Source: C&W, MSCI (2023), edited by Syntrus Achmea
Middle-rent regulation emphasises importance of sustainability
In December 2022, Housing and Spatial Planning Minister Hugo de Jonge announced more details on the regulation of the middle rent in a parliamentary letter. As already known, rental properties with less than 187 points will be regulated, giving them a maximum reasonable rent according to the housing rating system (WWS). Meanwhile, it has also been announced that the WWS will be renewed. The WOZ cap will disappear to 187 points, outdoor areas will get more points and there will be a temporary rent cap of 5 per cent for projects under construction or planned. However, the most important change is that houses with an energy label A will get more WWS points for the sustainability label. A dwelling with the label A++++ will get 10 points more than in the old system, for a house with label A it will be 4 points more. In addition, houses with a low energy label (E, F and G) receive a point deduction of 1 to 10 points in the new system. The result is that the difference in WWS points between a house with A++++ and G increases by 20 points. Converted to the allowable rent, this leads to a maximum reasonable rent per month of about 105 euros higher for the label A++++ dwelling compared to the dwelling with label G. This means that recently built complexes are better valued in the new system and that investments in sustainability in existing buildings are also compensated by higher rental income. For tenants, higher rents are compensated by lower energy costs and greater living comfort.
The higher rental potential for sustainable homes will lead to higher valuations. Other regulations such as the requirement of a label D or higher for a rental property by 2030 will reinforce this. Valuers' organisations are also placing increasing importance on sustainability. For instance, in early 2022, the international valuers' authority RICS called for better inclusion of ESG values in valuations and in November 2022, the NVM issued a practice guide to valuers on how to include sustainability in valuations.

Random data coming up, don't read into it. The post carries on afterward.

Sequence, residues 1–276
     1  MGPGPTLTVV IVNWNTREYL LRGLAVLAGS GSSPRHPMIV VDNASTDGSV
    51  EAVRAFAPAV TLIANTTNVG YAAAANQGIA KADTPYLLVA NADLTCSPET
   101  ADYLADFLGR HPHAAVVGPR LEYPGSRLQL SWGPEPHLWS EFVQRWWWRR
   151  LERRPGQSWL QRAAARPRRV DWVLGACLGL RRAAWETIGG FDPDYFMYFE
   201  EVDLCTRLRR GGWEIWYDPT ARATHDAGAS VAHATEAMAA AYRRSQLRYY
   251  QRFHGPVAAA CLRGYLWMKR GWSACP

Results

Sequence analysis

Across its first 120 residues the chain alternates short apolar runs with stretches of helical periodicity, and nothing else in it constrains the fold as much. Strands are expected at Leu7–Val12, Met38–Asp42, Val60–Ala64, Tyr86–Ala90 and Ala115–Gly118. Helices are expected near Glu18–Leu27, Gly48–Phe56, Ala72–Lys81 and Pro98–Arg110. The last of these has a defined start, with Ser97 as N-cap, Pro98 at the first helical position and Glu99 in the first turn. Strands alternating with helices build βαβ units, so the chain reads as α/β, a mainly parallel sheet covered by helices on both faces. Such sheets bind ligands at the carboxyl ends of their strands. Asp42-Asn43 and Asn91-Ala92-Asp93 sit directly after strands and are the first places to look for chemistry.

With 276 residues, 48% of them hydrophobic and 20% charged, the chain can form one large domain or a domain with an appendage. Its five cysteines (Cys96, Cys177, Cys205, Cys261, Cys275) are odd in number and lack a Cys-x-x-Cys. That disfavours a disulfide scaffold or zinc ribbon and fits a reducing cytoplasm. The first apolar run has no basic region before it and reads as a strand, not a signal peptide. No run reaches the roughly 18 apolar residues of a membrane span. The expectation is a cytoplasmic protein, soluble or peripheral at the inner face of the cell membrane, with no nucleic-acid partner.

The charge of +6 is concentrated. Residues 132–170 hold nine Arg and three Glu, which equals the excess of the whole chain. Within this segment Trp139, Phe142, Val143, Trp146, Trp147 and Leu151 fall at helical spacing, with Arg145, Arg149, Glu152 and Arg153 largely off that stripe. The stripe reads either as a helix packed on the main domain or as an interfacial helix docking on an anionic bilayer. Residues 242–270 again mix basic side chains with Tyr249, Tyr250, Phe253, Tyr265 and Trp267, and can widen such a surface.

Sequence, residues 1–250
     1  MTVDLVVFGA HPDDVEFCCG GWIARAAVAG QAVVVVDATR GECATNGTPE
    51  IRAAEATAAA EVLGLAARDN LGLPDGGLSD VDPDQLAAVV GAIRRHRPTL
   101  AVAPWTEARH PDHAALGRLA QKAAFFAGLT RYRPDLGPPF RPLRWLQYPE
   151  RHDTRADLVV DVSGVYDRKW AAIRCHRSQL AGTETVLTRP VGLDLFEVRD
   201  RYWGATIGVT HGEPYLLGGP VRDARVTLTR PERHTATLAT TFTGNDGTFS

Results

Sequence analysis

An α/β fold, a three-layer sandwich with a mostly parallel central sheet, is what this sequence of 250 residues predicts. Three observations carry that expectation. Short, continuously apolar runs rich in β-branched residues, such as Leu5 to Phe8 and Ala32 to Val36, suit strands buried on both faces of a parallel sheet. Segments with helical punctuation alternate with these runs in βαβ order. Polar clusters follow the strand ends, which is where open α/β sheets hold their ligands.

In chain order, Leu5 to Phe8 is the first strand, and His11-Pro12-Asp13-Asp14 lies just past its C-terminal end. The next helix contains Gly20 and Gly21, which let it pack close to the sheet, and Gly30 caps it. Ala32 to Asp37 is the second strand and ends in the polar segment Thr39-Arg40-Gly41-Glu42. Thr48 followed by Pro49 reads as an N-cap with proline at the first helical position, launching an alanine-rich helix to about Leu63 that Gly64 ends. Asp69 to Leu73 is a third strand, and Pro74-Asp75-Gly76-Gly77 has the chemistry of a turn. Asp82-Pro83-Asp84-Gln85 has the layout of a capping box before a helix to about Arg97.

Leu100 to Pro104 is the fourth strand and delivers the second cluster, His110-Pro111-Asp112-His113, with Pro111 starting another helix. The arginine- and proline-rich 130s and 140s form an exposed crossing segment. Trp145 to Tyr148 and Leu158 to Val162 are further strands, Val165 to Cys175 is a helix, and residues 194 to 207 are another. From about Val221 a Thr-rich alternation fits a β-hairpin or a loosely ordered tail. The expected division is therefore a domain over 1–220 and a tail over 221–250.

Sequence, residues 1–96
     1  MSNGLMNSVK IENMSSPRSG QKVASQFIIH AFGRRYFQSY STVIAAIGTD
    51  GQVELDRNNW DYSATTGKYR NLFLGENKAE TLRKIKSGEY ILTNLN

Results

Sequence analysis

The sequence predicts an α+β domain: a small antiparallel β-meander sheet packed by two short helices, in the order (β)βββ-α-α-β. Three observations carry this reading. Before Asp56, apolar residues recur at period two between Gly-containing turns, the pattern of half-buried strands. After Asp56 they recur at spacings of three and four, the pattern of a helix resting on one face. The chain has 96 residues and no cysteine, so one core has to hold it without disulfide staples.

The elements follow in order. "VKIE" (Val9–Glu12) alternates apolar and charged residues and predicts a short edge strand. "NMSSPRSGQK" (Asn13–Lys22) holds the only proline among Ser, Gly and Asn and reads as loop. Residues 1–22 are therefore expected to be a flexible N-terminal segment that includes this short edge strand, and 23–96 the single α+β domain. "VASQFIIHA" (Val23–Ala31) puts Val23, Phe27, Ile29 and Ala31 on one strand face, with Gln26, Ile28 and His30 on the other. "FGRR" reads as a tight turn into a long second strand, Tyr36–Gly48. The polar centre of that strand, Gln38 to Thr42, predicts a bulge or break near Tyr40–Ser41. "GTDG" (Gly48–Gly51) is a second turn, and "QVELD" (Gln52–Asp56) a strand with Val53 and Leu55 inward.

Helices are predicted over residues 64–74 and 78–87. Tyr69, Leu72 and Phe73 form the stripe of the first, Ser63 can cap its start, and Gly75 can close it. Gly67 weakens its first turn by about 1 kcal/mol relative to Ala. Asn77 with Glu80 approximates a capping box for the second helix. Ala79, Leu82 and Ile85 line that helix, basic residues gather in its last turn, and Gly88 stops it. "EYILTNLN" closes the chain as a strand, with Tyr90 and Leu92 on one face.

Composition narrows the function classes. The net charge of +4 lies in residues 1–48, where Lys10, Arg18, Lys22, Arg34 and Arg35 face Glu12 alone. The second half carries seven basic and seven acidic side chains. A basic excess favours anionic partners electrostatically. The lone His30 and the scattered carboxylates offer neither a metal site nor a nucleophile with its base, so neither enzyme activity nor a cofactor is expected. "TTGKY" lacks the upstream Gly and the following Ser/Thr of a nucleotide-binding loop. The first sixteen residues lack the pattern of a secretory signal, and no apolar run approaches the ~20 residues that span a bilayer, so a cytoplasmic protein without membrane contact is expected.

In the owner-occupied housing market, sustainability is also playing an increasingly important role. Due to high energy costs and increased renovation costs, owner-occupied houses with a good energy label are in demand. Research by Brainbay (2022) shows that the number of sales of houses with label E or lower has fallen sharply compared to higher labels. The research firm also concluded a sharp increase in house value with a label jump. When a home was made more sustainable from label G to label C, the jump in value in the third quarter was 12 per cent, from label C to label A another 10 per cent. The increased awareness of residential consumers about the energy consumption of the home has also led to a greater difference in home values. Estate agents endorse this and see a growing difference in homebuyer interest between sustainable and less sustainable homes.
We conclude that the effect of the energy crisis as well as future regulation, when investing in sustainable (rental) homes, brings more financial returns in addition to social returns.
EXTRA WWS-RENT FOR ENERGY LABEL
Source: Syntrus Achmea
The end of the price decline in the housing market is not yet expected. Although high inflation is easing, (mortgage) interest rates are not expected to fall sharply. As a result, affordability in the owner-occupied housing market will remain poor. Rising wages are still keeping house prices in check to some extent, but the price decline is expected to continue before early 2023. However, scarcity remains high, with high interest rates and construction costs making new construction difficult to get off the ground. As a result, vacancy rates for rental properties will remain low, limiting rental risk and raising market rents.
The announced details on the mid-lease regulation provide clarity in the investment market for rental properties. Owners of nonsustainable rental properties will start offering them on the investment market or leasing them out. Investors will start making more strategic buying and selling decisions. It is therefore expected that there will start to be more movement in the market than was the case in 2022. However, due to high interest rates, investor interest is likely to remain lower than in previous years and the upward movement of initial yields will continue.